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Flight (BLU-RAY)

Flight

Movie
Studio(s): 
Director(s): 
Genre: 
On Blu-Ray: 
Tuesday, February 5, 2013
Grade:
A
Running Time: 
2 Hours, 18 Minutes

Despite the prominence of it in the trailer and all the marketing, Flight, starring Denzel Washington, is not about a plane crash. Instead, director Robert Zemeckis and writer John Gatins give us a character study of a man suffering his addictions and personal choices in the face of a tragedy and a miracle.

Don't get me wrong though, the beginning of the film features an incredibly constructed series of scenes depicting the take off, flight and crash of an airplane. I cannot image what this was like in the theater, but at home on my 85 inch screen and the beautiful Blu-ray I probably get as close as I'm going to come. The sequence is mind numbing - fantastic, wonderful and blindingly terrifying. I gripped the arm of the couch with sweaty palms as I watched the event unfold. Zemeckis past few years in computer animation and motion capture have really raised his ability to capture a scene, and when the scene is populated with actors of Denzel's quality, it is mesmerizing, even as you want to look away.

Although the opening is critical to the film, the real movie doesn't begin until Whip (Denzel Washington) wakes up in the hospital. He is a hero. The pilot whose quick thinking and amazing skill saved the otherwise doomed flight. 102 souls on board and 96 of them survive to tell the tale. The only crack, the flaw in his image is that while he was busy being amazing, he was also drunk and high. Whip is an alcoholic who also indulges in other drugs at time. He's apparently been that way for years, and now he has to face that although he performed a miracle at the stick in guiding the plane down, he's likely to be crucified for being under the influence while he did it.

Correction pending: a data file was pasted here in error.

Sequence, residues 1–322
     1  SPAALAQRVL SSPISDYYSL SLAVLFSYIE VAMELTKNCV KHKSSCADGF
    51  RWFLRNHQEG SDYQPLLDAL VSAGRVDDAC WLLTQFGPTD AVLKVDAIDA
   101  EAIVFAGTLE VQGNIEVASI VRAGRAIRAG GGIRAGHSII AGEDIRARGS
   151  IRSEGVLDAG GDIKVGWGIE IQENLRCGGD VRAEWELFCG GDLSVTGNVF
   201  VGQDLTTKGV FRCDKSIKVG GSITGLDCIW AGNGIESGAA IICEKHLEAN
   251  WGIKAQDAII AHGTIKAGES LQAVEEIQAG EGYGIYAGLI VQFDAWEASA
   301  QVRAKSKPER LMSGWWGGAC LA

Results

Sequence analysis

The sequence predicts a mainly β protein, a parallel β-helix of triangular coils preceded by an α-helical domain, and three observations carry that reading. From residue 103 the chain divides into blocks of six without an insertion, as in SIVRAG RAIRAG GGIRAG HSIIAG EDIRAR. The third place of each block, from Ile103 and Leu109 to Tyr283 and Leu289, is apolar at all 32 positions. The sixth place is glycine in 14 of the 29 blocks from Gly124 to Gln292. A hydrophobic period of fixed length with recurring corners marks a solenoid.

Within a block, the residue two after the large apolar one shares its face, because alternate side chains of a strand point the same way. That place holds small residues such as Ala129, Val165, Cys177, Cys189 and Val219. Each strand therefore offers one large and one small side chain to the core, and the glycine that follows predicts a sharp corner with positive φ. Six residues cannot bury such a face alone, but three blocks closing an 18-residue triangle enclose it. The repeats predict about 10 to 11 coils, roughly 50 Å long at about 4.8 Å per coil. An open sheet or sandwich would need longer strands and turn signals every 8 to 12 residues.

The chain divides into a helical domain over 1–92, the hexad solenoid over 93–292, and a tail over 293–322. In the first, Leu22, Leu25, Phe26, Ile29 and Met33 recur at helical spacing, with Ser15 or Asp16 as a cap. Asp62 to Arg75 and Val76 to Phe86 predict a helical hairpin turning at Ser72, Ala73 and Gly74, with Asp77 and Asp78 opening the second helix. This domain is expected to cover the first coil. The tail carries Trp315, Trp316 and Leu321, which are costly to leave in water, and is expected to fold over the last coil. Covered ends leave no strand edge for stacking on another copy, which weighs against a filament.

Denzel is amazing in this role. He manages to capture the nuances of a man coming to terms with his addiction while simultaneously embracing it as an escape. And he's not alone here. Kelly Reilly plays Nicole, another recovering addict, who has finally hit her own rock bottom and wants to rise up and bring Whip with her, though he may not be ready. John Goodman shows up a time or two to steal scenes as Harling Mays, Whip's drug dealer best friend. And so many more good performances.

That said, I came to this movie forewarned. Had I gone in looking for a film about a plane crash I'd likely have been terribly disappointed at the hour and a half or so about addiction, the investigation and the pending hearings. Instead, I came to Flight looking for a movie about a man who was the pilot in a miraculous plane crash, and I got it.

The Blu-ray has a great quality picture and sound. It has a handful of behind the scenes extras about how the film came to be written and made, the actual making of the film, and the best one, in my opinion, about how they filmed the plane crash itself. I would have really enjoyed a feature length commentary on Flight, but it isn't here. A shame.

Even so, Flight is definitely worth seeing. Maybe even more than once.

 

Review by Jason Pace
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